Forty-six preschool children from 2 preschools in a large Midwestern Metropolitan area completed weekly habitual physical activity measures in both fall and following winter. The habitual physical activity was quantified with the GT1M Actigraph uniaxial accelerometer. To determine seasonal differences in physical activity, a series of paired sample t tests were conducted.
Although overall physical activity level declined in winter, the magnitude of seasonality effects seem varied in terms of contexts. Compared with the decline during after-school time and during weekends, the differences in physical activity across the 2 seasons were much less evident during the time attending preschool and during weekdays.
Seasonality in physical activity can be moderated by other contextual factors, such as preschool policies and curriculum. Preschools may serve as a major battlefield for fighting against physical inactivity and obesity during childhood due to their practical controllability.
Markus J. Klusemann, David B. Pyne, Will G. Hopkins, and Eric J. Drinkwater
Competition-specific conditioning for tournament basketball games is challenging, as the demands of tournament formats are not well characterized.
To compare the physical, physiological, and tactical demands of seasonal and tournament basketball competition and determine the pattern of changes within an international tournament.
Eight elite junior male basketball players (age 17.8 ± 0.2 y, height 1.93 ± 0.07 m, mass 85 ± 3 kg; mean ± SD) were monitored in 6 seasonal games played over 4 mo in an Australian second-division national league and in 7 games of an international under-18 tournament played over 8 days. Movement patterns and tactical elements were coded from video and heart rates recorded by telemetry.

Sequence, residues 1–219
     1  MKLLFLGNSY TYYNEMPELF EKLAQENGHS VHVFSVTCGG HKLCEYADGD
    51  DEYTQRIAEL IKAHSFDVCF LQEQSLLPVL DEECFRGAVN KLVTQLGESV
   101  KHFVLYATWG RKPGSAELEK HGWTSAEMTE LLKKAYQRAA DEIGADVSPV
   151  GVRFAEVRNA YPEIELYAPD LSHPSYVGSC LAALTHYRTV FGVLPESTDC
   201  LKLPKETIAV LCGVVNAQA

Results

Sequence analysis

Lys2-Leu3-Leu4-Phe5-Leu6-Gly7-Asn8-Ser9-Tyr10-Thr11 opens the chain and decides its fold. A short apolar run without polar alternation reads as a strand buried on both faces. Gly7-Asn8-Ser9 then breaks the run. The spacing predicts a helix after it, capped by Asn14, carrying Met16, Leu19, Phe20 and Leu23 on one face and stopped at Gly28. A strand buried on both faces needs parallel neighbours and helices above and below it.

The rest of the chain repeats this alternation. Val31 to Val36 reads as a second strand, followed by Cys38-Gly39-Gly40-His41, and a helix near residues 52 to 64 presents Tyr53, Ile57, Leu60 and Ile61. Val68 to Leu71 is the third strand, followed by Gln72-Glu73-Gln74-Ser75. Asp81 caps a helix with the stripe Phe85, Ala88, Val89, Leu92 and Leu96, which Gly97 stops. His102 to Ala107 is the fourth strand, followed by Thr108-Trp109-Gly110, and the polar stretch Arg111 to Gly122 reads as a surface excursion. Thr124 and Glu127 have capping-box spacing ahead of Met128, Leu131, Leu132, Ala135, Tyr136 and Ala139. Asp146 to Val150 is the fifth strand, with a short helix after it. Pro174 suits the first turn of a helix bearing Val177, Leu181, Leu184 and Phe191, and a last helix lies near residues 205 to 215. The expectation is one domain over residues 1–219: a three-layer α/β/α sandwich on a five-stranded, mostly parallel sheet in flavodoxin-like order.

The frequency of running, sprinting, and shuffling movements in seasonal games was higher than in tournament games by 8–15% (99% confidence limits ± ~8%). Within the tournament, jogging and low- to medium-intensity shuffling decreased by 15–20% (± ~14%) over the 7 games, while running, sprinting, and high-intensity shuffling increased 11–81% (± ~25%). There were unclear differences in mean and peak heart rates. The total number of possessions was higher in seasonal than in tournament games by 8% (± 10%).
Coaches should consider a stronger emphasis on strength and power training in their conditioning programs to account for the higher activity of seasonal games. For tournament competition, strategies that build a sufficient aerobic capacity and neuromuscular resilience to maintain high-intensity movements need to be employed. A focus on half-court tactics accounts for the lower number of possessions in tournaments.
Maria Paula Santos, Margarida Matos, and Jorge Mota
This study aimed to describe seasonal variations in Portuguese adolescents’ physical activity, in organized and nonorganized physical activities, according to gender and age group. Data from the Portuguese second wave of the Health Behaviour in School-Aged Children (HBSC) study was used. The sample comprised 6,131 public school students ages 10 to 17 years (age = 14.0 ± 1.85 years old), and 51% were girls. Physical activity was measured by questionnaire and participants were categorized as “active” or “low active” according to their reported weekly participation in physical activity sessions. Participation in organized and nonorganized physical activities of all age groups was more frequent during the spring and summer period. Results suggest that appropriate strategies should be developed to promote involvement in sports and other physical activity, particularly organized physical activity programs, among adolescents throughout the year.
Valerie Carson and John C. Spence
The purpose of this review was to examine seasonal variation in physical activity among children and adolescents. Searches were conducted of electronic databases for studies on seasonal differences in physical activity levels. A total of 35 studies, including children and adolescents between the ages of 2–19 years, were reviewed. Overall, 83% (29/35) of the studies found seasonal variation in physical activity among children and/or adolescents. The results were consistent regardless of the region, physical activity measure, or the study design but the findings were inconsistent across age categories.